The future of the Westpark Golf Club property continues to be at the forefront of the minds of the Leesburg Town Council, not to mention the many residents that surround the property.
Located off South King Street and Clubhouse Drive, the golf course property was listed for sale in the late summer and is under contract by CalAtlantic, a homebuilder.
Neighbors have come out in stiff opposition to plans to build 27 homes on the property, which a developer can do by-right without council review under current zoning. In meetings with both neighbors and council members, the homebuilder has entertained the idea of clustering the homes on smaller lots and donating 115 remaining acres to the town for use as possible parkland or for the continued operation of a municipally run golf course, albeit on a smaller scale.
The council had directed the town staff to look into options, including a town purchase of the property, but a staff report noted the high sales price—estimated at north of $6 million—along with the unlikelihood that, with the maintenance and repairs needed, any municipally run golf course operation there would be profitable.
With the property under contract to CalAtlantic, not yet gone to closing, and no formal application filed to the town for any type of development, council members during Monday night’s work session said their hands are somewhat tied. But Councilman Ron Campbell asked for the council to discuss whether it would consider a Zoning Ordinance amendment, which would be required for the clustered development option, and to hear the council members’ thoughts on the situation.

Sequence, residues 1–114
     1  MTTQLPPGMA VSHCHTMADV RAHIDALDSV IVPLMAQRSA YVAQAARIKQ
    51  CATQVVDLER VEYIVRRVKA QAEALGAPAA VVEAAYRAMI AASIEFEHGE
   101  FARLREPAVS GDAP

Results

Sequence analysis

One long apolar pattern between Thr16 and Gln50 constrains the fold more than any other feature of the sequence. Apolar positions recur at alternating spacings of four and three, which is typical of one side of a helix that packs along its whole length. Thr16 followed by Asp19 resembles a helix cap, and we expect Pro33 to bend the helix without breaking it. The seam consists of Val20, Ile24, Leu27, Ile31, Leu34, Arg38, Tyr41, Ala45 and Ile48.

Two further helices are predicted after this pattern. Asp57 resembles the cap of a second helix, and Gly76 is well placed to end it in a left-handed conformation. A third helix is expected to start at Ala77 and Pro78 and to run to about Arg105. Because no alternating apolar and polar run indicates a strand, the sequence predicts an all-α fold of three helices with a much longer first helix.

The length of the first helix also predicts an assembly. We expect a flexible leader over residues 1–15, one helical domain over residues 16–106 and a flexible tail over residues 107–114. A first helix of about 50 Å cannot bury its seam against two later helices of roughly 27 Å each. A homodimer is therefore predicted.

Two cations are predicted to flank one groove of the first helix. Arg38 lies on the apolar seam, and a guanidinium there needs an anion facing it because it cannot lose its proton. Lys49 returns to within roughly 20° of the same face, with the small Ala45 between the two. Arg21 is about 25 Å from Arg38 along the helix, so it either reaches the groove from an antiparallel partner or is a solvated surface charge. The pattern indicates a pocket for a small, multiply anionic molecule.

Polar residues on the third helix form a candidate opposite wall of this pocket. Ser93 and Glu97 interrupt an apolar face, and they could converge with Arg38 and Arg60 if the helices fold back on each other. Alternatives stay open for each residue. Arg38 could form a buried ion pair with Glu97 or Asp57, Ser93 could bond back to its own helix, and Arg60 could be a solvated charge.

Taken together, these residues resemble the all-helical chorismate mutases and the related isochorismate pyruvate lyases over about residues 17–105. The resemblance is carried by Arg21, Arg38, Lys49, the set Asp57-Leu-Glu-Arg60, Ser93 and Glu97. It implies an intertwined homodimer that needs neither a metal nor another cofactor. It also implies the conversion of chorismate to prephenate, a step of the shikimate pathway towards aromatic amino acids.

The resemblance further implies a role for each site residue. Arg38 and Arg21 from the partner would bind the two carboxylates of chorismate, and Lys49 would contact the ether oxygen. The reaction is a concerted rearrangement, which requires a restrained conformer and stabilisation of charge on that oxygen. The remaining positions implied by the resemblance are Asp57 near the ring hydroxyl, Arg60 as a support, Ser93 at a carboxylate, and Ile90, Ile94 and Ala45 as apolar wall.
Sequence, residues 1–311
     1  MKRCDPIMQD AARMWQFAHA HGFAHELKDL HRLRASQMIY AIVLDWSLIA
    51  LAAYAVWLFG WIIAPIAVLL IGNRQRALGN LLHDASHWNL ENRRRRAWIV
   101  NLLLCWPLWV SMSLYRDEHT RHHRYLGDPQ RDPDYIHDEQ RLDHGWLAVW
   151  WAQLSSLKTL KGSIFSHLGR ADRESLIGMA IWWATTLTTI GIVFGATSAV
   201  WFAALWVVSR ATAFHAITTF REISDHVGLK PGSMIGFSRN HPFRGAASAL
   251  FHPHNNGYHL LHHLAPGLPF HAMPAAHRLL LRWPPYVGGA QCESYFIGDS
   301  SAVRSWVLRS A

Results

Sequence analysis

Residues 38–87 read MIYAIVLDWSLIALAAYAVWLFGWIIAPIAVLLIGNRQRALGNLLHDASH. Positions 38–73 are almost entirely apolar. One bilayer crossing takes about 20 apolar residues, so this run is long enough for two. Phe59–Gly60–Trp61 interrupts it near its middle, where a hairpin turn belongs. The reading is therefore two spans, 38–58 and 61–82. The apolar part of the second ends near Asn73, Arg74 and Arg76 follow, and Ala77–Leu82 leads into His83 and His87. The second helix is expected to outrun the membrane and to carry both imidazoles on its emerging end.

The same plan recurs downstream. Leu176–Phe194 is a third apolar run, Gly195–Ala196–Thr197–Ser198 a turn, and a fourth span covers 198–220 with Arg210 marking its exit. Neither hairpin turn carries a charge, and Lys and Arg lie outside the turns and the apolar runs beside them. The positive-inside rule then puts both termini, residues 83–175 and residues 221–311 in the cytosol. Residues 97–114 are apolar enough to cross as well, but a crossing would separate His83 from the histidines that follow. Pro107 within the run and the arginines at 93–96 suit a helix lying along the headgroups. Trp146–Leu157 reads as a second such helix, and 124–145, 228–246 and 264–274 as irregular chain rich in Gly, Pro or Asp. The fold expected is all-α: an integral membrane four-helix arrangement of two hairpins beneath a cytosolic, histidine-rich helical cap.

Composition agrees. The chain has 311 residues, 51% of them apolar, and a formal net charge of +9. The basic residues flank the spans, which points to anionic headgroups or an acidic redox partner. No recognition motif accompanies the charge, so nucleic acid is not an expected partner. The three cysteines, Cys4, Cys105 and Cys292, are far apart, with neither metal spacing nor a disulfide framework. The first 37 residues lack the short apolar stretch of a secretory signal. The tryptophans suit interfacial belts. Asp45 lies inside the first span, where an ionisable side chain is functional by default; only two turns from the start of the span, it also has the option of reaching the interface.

“We owe it to the general public to tell them what we’ve learned and what we found out,” Campbell said. “Given the nature of the conversation among the public and the heightened sensitivity this has generated, and the many letters we all as a council have received from the public, to sit back and wait is a disservice.”
Campbell did not receive support to add the item to the agenda for Monday’s work session, or tonight’s night’s business meeting. But a majority agreed to discuss the issue during its Jan. 8 work session.
Councilman Marty Martinez reminded the council that no application had been filed by the developer at this point. Although he supported holding a work session on the text amendment process, he said having formal discussions on it this week was unwise.
“Until the developer submits an application and we know what we’re up against … I just think this is a little premature,” he said.
Councilman Tom Dunn also attempted some other council actions, but did not receive support to proceed. He suggested sending a letter to the Board of Supervisors seeking funding for the purchase of the Westpark property, as well as initiating a process to downzone the land from its current residential designation to recreation only use. He was the only council member to voice support for either action. Town Attorney Barbara Notar advised against both, noting they could put the town at legal risk. Dunn said that he may make a formal motion to initiate a downzoning as soon as tonight’s meeting.